One big problem is simply that microscopic organisms have proved tricky to classify. Linnaeus himself practically ignored them. As microscopes improved, biologists began to describe “new” organisms. As early as the 1800s, scientists began to label protozoa. The term Protista was used as the “fourth kingdom of primitive forms.” In 1969, Robert Whittaker defined Protista as “unicellular or unicellular-colonial organisms that have no tissue,” and proposed separating Protista to create a fifth kingdom called Monera for bacteria.But further advances in DNA sequencing revealed that protists are not all genetically related. Furthermore, US textbooks often divide the Monera kingdom into two separate kingdoms: Archaea/Archaeabacteria and Bacteria/Eubacteria, but various other divisions have been argued for the Protista kingdom as well.
It’s not a simple matter at all.
Of course, we’d like to know what we don’t know. But predicting the number of unknown species has also been difficult and controversial. A 2011 study published in the journal PLoS Biology suggested that 86 percent of the Earth’s species and 91 percent of the ocean’s are still unknown—and thus unnamed. At the time of the paper, roughly 1.2 million species had been scientifically classified, leaving about 8.6 million to go.
Some classes of living things are well documented—we’re doing well with mammals and birds, for example—but the shelves are sparse for others. While the authors estimated 7 percent of fungi have been named, critics argued that even that low number was far too high. In either case, the world contains vast numbers of undiscovered species in those less-studied groups of organisms, such as fungi, bacteria and archaea (single-celled microorganisms lacking a nucleus).The number is almost too vast to comprehend. For every species we have named, millions of others have eluded us. Despite all the volumes of books filled with naturalist sketches and descriptions, all the specimens that have been studied under a microscope, there are millions of creations we don’t even know about yet.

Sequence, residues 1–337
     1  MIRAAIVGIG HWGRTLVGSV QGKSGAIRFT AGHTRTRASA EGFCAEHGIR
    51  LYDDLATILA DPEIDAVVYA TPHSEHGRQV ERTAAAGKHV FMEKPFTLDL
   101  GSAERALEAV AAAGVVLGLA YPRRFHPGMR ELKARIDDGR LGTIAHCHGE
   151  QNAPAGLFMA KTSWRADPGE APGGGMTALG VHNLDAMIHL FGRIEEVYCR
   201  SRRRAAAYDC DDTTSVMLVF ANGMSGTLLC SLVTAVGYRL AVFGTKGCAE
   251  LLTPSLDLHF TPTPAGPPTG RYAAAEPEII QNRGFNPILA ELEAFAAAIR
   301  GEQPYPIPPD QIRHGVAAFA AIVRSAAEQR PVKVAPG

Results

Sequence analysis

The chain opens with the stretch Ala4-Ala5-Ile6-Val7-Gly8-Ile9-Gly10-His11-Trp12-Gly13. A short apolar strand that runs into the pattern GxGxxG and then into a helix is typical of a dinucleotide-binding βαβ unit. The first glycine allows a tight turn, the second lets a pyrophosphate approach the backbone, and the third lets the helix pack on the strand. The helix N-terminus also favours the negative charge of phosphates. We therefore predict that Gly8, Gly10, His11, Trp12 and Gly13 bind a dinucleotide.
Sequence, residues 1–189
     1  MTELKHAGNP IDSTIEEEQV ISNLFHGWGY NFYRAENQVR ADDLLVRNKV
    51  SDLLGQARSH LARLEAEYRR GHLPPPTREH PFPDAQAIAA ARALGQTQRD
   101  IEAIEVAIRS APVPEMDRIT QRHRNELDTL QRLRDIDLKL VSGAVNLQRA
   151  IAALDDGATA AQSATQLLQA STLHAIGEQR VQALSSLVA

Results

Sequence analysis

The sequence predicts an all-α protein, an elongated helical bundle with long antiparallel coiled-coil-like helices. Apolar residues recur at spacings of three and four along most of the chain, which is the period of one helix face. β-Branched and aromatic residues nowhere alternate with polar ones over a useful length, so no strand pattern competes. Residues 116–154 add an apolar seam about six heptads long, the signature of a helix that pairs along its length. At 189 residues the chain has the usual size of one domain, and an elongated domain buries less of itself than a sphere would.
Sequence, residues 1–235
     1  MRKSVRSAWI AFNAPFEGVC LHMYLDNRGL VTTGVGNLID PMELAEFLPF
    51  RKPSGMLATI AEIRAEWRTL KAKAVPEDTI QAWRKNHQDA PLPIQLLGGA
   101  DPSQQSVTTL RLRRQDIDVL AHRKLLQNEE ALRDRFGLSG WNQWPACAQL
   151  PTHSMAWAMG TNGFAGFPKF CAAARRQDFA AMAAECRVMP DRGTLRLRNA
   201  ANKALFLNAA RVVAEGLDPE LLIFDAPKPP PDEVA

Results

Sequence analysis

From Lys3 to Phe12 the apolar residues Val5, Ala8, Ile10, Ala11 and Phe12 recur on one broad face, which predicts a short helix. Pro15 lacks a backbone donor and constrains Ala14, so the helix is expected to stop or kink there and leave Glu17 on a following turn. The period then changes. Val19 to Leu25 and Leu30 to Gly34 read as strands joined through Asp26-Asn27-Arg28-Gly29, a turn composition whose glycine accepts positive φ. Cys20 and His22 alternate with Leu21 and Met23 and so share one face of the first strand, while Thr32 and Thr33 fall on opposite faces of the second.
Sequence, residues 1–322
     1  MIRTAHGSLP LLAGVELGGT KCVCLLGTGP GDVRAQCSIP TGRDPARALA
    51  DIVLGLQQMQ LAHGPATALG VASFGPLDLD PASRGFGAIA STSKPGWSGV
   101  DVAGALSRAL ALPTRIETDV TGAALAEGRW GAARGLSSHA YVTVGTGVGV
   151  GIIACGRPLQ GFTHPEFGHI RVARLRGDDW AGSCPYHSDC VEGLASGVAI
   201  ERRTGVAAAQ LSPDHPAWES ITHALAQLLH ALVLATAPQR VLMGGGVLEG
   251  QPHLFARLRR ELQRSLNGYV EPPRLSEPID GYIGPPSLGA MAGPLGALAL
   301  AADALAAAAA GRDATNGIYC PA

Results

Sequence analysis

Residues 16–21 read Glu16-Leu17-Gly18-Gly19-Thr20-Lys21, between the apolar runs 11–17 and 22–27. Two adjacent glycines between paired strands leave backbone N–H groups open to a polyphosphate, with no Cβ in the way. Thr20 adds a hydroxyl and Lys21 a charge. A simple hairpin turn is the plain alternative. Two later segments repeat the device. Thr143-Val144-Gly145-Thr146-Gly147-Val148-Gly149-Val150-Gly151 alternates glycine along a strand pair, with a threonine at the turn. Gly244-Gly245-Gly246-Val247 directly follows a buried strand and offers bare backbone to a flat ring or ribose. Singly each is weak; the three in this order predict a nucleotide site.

As humans become aware of these living organisms, which have functioned and plodded through history without our knowledge, we still get to name them. Whether we’re inclined to be proud, or serious, or goofy (looking at you, entomologist Neal Evenhuis, namer of Pieza rhea and Meyomyia), God has encouraged—even commanded—this kind of participation in his creation. This man-made system of classifying all living things has its challenges and imperfections. We get things wrong once in a while and have to reorder massive parts of creation. But as in Eden, he’s still watching us discover, listening to us bestow names on what he has made.
Biologists disagree on whether we’ll ever complete the list, but everyone agrees that the list is massive. As Lahti told me, it’s completely reasonable to put an eyedropper of muck into a Petri dish, peer into a microscope, and say, “I wonder if I’ll see anything new today.”
What is man that You take thought of him,
And the son of man that you care for him?
Yet You have made him a little lower than God,
And You crown him with glory and majesty!
You make him to rule over the works of Your hands;
You have put all things under his feet,
All sheep and oxen,
And also the beasts of the field,
The birds of the heavens and the fish of the sea…
O Lord, our Lord, How majestic is Your name in all the earth!
—Psalm 8:4–9 (NASB)
Rebecca Randall is The Behemoth’s science editor.
- Editor's Note from March 31, 2016
Issue 45: The fun in naming, how pyrite changed the world, and why it’s fine that piratebush didn’t change much of anything. /
- The Surprising Riches of Fool’s Gold
Pyrite, the stone rejected as an imposter, is the cornerstone of the modern world. /
- Let Us Now Praise Obscure, Useless Plants
God and I delight in piratebush like he delights in me. /
- Fetal Heartbeat
“like the wings of millions of monarchs returned” /
- Wonder on the Web
Issue 45: Links to amazing stuff.